Whenever my daughter plays happily with a baby boy someone, the other parent or an onlooker, makes a reference to them maybe getting married one day. I hope not, I say, as having friends become your child's in-laws could be disastrous. Imagine the layers of rivalry when it came to who they choose to spend Christmas with. But I am also always keen to stress that we don't assume heterosexuality for our child. "Yes, she might fall in love with him," I say, "but you know, she might be into girls, and that would be okay too." And this being liberal middle-class London everyone falls over backwards saying "yes, yes of course, might be into girls, yes yes, how lovely."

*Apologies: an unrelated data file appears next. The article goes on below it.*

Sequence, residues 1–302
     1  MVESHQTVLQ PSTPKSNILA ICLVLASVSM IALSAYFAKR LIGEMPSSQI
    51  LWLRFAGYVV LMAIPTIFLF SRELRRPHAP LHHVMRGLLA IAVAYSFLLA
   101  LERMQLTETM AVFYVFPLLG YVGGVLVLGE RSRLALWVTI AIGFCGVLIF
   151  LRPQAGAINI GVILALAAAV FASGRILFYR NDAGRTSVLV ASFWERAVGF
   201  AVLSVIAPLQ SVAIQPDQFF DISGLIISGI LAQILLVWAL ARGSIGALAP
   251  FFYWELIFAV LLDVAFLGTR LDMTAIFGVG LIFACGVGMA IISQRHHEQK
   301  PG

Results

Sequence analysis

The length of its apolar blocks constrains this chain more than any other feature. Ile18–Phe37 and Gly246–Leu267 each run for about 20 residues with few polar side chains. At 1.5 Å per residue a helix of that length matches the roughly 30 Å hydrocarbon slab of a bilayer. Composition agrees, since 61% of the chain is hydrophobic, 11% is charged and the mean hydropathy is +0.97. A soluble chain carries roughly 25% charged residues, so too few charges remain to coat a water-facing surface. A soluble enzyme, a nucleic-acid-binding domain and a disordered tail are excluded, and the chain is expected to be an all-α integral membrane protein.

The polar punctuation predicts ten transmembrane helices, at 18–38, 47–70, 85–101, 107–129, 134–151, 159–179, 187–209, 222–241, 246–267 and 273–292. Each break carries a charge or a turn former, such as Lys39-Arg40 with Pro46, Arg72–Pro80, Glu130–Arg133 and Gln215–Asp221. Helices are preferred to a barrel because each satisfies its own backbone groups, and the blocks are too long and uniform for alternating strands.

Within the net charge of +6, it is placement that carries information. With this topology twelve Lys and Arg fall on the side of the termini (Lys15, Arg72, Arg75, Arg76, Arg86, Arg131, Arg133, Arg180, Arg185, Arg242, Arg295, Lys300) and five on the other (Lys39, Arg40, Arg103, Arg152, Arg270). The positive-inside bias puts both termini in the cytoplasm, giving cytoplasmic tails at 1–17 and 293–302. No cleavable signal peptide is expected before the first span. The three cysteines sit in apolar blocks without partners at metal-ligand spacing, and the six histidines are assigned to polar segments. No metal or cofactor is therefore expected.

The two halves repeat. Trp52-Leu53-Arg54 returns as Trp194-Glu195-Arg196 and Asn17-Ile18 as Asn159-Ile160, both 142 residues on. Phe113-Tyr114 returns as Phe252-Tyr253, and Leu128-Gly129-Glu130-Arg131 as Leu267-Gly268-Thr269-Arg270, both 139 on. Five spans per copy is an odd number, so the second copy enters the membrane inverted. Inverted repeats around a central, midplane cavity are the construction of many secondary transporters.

One of the local new mum friends I made after having my daughter is a lesbian. Her son has two mummies as well as a daddy and an uncle. "What a lucky baby to have so many people to love him" we all say, desperate to show how okay we are with their 'alternative' family.
Her son and my daughter were playing together the other day, by which I mean snatching each other's toys, grabbing each other's hair and stealing each other's breadsticks, and a group of us watched from the sidelines cooing. "It's so sweet," his mummy said, "I think they might get married." And ridiculously, what with her being a real life out the closet happily civil-partnered lesbian, I just didn't feel comfortable saying that yes they might, but my daughter might be into girls and we'd be okay with that too.